I was trained at UCLA and came to Stanford as an Andrew W. Mellon Postdoctoral Fellow in the Humanities in 2011. I joined the faculty in 2013.
I teach courses and write papers in Moral Philosophy. I also have interests in Political Philosophy, Philosophy of Language, Philosophy of Action, Metaphysics, and Epistemology, especially (though not exclusively) where these areas overlap with Moral Philosophy. I also have an abiding interest in the history of ethics (especially Hume, Nietzsche, and Kant), which informs both my teaching and my writing.
At bottom, I am most interested in the basic questions that classically define the subject of moral philosophy: What is the best kind of life, and where does morality fit into it? What is moral motivation and how does it differ from other ways of being motivated? How much is morality universal, how much a product of custom, history, and other forms of contingency? How are we to balance moral values and other kinds of values when they conflict? How seriously should we take moral skepticism?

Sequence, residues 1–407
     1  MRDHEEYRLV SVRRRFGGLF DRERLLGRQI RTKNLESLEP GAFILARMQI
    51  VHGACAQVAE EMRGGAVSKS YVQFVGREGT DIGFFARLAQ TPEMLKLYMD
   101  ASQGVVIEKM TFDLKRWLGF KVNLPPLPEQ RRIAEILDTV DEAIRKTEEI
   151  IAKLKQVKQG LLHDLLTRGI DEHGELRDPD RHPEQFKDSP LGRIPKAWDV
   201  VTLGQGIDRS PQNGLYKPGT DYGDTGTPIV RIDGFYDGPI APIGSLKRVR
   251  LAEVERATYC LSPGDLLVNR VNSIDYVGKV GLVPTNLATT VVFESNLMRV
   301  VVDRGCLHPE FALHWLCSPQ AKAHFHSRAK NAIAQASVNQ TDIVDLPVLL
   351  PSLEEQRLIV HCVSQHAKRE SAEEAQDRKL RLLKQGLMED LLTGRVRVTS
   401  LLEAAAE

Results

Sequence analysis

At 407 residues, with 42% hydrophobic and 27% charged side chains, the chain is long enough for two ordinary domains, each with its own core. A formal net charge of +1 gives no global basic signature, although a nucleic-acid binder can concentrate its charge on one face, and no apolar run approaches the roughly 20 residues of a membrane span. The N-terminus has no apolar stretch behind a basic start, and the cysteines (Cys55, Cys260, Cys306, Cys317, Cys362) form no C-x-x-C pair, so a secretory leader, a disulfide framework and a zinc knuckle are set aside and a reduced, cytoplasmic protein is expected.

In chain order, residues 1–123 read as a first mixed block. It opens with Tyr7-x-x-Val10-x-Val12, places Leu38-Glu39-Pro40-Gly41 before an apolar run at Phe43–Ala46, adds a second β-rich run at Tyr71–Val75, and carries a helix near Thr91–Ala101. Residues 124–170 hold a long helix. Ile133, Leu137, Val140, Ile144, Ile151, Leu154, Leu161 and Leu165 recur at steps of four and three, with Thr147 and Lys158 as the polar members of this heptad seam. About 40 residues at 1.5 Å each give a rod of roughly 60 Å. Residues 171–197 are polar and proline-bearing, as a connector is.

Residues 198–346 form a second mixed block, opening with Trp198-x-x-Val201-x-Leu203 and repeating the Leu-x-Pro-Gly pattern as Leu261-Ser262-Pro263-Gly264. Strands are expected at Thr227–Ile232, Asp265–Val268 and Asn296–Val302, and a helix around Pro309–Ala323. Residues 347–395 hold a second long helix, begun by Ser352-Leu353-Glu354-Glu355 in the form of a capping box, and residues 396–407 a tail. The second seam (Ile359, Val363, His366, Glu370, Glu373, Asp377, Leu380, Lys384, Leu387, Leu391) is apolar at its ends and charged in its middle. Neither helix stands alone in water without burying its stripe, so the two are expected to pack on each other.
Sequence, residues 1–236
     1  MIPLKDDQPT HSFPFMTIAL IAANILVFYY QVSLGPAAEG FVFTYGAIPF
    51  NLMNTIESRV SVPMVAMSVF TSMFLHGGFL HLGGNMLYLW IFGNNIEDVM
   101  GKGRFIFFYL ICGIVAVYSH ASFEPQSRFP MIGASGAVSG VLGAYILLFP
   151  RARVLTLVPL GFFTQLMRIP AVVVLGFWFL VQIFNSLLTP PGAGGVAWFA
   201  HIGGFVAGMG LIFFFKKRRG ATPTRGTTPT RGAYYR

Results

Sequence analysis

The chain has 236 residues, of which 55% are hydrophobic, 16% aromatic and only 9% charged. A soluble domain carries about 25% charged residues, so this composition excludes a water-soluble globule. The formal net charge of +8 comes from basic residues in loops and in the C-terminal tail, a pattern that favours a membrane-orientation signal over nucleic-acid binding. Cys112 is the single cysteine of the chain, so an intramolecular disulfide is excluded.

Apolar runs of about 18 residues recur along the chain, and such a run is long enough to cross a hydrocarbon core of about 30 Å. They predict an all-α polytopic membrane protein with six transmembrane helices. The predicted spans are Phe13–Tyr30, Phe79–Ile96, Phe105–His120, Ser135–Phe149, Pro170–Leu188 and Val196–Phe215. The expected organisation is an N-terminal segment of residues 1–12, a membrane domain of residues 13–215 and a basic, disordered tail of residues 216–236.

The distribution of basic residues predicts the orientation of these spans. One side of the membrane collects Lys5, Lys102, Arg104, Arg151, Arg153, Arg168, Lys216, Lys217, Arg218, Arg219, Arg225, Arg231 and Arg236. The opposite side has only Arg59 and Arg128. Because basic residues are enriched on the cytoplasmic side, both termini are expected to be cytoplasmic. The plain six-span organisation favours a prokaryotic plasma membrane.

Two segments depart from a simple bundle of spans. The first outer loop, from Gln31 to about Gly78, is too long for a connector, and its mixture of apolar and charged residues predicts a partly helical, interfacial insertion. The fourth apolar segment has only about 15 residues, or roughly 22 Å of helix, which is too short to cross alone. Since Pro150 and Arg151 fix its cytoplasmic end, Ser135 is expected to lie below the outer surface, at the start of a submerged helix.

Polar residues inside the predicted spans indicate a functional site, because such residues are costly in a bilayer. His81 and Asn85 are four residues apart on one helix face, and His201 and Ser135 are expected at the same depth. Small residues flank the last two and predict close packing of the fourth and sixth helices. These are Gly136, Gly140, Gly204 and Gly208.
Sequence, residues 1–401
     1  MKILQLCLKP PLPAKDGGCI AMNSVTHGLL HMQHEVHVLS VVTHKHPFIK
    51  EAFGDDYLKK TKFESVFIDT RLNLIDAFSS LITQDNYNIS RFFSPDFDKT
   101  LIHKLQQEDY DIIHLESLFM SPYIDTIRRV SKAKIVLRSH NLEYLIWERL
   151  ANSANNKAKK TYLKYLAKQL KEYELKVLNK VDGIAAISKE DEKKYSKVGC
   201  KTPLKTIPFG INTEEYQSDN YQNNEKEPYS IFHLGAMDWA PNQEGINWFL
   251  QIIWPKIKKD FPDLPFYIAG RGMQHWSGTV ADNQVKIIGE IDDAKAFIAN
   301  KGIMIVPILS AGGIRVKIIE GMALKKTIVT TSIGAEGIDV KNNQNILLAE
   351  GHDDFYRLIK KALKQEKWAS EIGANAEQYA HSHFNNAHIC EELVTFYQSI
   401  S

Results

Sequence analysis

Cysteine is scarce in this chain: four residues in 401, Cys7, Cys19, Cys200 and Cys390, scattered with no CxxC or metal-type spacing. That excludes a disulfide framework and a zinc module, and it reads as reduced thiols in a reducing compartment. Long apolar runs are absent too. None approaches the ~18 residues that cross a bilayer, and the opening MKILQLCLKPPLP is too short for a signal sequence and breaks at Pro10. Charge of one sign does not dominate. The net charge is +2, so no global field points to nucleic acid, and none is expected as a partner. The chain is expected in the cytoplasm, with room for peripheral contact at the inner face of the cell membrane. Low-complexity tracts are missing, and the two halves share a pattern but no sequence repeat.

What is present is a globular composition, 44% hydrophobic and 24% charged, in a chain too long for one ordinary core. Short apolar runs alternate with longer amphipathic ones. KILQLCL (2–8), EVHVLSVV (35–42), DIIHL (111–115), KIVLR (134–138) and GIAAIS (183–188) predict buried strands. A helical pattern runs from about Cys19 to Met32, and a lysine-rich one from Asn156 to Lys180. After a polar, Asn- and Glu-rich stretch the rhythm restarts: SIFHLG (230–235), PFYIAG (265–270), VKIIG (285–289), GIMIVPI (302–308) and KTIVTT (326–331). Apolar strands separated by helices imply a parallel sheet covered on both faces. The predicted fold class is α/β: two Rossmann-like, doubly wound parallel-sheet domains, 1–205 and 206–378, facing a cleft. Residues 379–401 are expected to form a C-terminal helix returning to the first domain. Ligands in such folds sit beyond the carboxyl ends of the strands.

Sometimes I find these big questions a little daunting, however, so in my own work I try to sneak up on them sideways, starting with topics in normative ethics that are a little more mundane. In particular, I have written about promising (and other forms of word giving), interpersonal trust, and lying. Of course I think these are topics well worth thinking about in their own right: much of the day to day substance of ethical life is about keeping your word, not letting others down when they are counting on you, and being as honest as you can with yourself and others. Moral philosophy, done well, can help a person become better at these things. Thinking about these topics can provide a unique and powerful way of making progress on moral philosophy’s perennial questions, by helping us to pose and think about the "big" problems in ways that are more familiar, more concrete, and ultimately more tractable.